Gary Saretzky, local photographer and archivist from Lawrenceville, takes a look around Route 1 Diner, studying the patrons and taking in the action of the breakfast rush.
“I had a friend who used to photograph in a diner,” he said. “I wouldn’t be able to do what he did, talk to people and take their picture.”
Saretzky has been a photographer since 1972, but his interest was sparked at a young age when he received a Brownie camera at age 7.
“I took some bad pictures with it,” he said, laughing. “At first, I only thought of photography as capturing something you couldn’t take home with you.”
Photography soon became a passion of Saretzky’s after he took a photography class with William Barksdale, professor and coordinator of photography at Mercer County Community College (MCCC), in 1972. His mother was also a photographer, so he was familiar with darkrooms.
A photo Saretzky took in 1974 of David McAlpin, Jr. — Princeton University Class of ’50 — led him to begin a professional career in photography.
The following year, McAlpin, Sr. — who endowed a professorship in the history of photography at Princeton and provided funding for the Department of Photography in the Princeton Art Museum — invited Saretzky to photograph his Class of 1920 reunion in 1975, jumpstarting his photography career.
Saretzky’s latest photography exhibit, “Gary Saretzky Retrospective — 1972 to the Present” opened on Nov. 28, and will run through Thursday, Jan. 10 at MCC’s James Kerney Campus Gallery. It will showcase some of the decades-long work of Saretzky, from black and white landscape photography to colorful portraits of blues musicians. An artist talk will also take place in the gallery on Dec. 5.
“His collection reflects various schools of photography through the decades and their inevitable influence on all photographers who are students and teachers of photographic history,” gallery director and curator Michael Chovan-Dalton said in a press release. “Saretzky’s work is the culmination of a lifetime of archiving and a profound desire to preserve the joys and sorrows of living.”
In addition to photography, Saretzky’s other passion is history — and preserving it. He graduated from the University of Wisconsin in 1968 with a major in history.
Unsure of what to do with the major, he sought out advice from Gerald Ham of the Wisconsin Historical Society, who suggested he get his Master’s degree to become an archivist.
As an archivist, Saretzky organizes government records, newspaper photos and other documents to make them available to historians, Saretzky said, adding that he is “always collecting things,” such as old books.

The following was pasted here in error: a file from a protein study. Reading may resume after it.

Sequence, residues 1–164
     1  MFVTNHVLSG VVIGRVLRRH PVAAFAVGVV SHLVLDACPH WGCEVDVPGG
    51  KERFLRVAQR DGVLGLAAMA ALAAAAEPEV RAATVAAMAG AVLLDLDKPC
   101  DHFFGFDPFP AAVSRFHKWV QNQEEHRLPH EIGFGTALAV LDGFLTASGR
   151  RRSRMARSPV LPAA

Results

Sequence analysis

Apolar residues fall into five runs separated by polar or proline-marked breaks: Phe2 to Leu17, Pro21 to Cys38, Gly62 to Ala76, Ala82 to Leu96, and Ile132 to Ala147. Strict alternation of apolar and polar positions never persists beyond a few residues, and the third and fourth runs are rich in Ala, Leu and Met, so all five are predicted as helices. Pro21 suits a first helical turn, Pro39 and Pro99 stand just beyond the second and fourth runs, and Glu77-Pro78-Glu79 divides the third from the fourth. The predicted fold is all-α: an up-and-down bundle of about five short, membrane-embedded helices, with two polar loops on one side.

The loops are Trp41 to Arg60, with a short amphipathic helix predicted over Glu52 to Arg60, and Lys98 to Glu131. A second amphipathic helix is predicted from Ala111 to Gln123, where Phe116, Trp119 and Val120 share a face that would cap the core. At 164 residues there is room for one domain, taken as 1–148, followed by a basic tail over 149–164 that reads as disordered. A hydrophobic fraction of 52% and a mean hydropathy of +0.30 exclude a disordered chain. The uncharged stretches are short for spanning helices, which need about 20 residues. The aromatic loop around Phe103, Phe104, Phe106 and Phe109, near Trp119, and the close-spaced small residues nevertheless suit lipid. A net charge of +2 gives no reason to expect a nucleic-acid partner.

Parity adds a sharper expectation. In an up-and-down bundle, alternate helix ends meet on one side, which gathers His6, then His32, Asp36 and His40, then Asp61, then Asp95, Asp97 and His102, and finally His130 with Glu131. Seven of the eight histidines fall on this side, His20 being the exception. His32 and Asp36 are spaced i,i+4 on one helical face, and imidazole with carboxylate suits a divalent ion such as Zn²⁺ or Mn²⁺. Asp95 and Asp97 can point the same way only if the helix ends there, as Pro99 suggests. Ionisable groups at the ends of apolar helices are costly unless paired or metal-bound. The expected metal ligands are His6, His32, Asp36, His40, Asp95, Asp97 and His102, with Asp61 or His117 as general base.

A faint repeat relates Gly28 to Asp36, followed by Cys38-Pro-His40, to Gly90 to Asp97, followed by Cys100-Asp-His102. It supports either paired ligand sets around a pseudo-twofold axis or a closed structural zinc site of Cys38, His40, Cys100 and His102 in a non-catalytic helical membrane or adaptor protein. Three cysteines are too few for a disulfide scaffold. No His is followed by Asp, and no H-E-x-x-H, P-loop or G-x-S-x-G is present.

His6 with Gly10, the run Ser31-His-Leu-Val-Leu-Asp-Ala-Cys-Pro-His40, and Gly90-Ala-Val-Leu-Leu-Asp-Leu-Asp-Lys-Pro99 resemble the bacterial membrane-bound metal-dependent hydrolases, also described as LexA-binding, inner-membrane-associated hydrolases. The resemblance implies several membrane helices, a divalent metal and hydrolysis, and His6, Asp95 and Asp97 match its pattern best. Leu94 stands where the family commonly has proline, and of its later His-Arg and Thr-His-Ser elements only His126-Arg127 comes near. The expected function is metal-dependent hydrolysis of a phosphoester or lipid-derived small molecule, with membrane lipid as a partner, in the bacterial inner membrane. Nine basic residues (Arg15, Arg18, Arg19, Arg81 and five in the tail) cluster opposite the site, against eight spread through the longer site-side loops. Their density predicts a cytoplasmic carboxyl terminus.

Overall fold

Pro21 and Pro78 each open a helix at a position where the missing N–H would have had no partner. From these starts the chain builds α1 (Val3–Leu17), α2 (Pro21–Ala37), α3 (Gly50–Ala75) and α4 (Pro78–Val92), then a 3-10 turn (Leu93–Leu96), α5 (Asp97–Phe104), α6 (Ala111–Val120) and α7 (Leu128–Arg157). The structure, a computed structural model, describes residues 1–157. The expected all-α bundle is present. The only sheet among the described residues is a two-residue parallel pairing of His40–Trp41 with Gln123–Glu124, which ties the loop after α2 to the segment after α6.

In his archiving career, Saretzky worked for Educational Testing Service (ETS) for 25 years and has been Monmouth County’s archivist since 1994.
As a history buff, Saretzky taught photography and history of photography at MCCC and The College of New Jersey from 1977 to 2012.
In his own work, Saretzky said that his photography style has changed over time.
“In the 1970s, I did a lot of self portraits without actually being in them,” he said. “I was shooting in a way I was seeking myself; who was I?”
As time went on, Saretzky’s photography shifted from mirrors to windows, and he began shooting photos for a different purpose.
“Early on, I was shooting photos for myself; when I started shooting blues musicians, that’s more so for them,” he said.
Saretzky’s current exhibit will feature 42 pieces, chosen by himself and Chovan-Dalton.
“[Chovan-Dalton] came to my house and we looked through boxes and came up with a mix of older and newer work,” Saretzky said. We spent a few hours looking, it’s representative of the range of work I’ve done since the 1970s.”
For Saretzky, the best photos are the ones that are unanticipated. In his photo “Bird, Siena, 1979,” Saretzky happened to capture a bird flying overhead in an otherwise empty sky, something he didn’t plan.
“It’s almost like it’s from God, it’s nothing I created, I was just alert enough to make something out of something that just happened,” he said.
Saretzky said that there are special moments all the time, but one must take time out from “doing” and spend more time “being” to truly appreciate and be receptive to those moments.
While Saretzky has been practicing photography for over 40 years, he said he never gets tired of it, calling it “endlessly fascinating and entertaining.”
“I enjoy everything I do, I’m lucky that way,” he said. “Everyday I find something I enjoy, they’re all interconnected and a part of me.”
“Gary Saretzky Retrospective – 1972 to the Present” will show at MCCC’s James Kerney Campus Gallery until Thursday, Jan. 10. A reception and artist talk will take place on Dec. 5. The gallery is located at 137 North Broad Street in Trenton. More information can be found at www.mccc.edu/JKCgallery.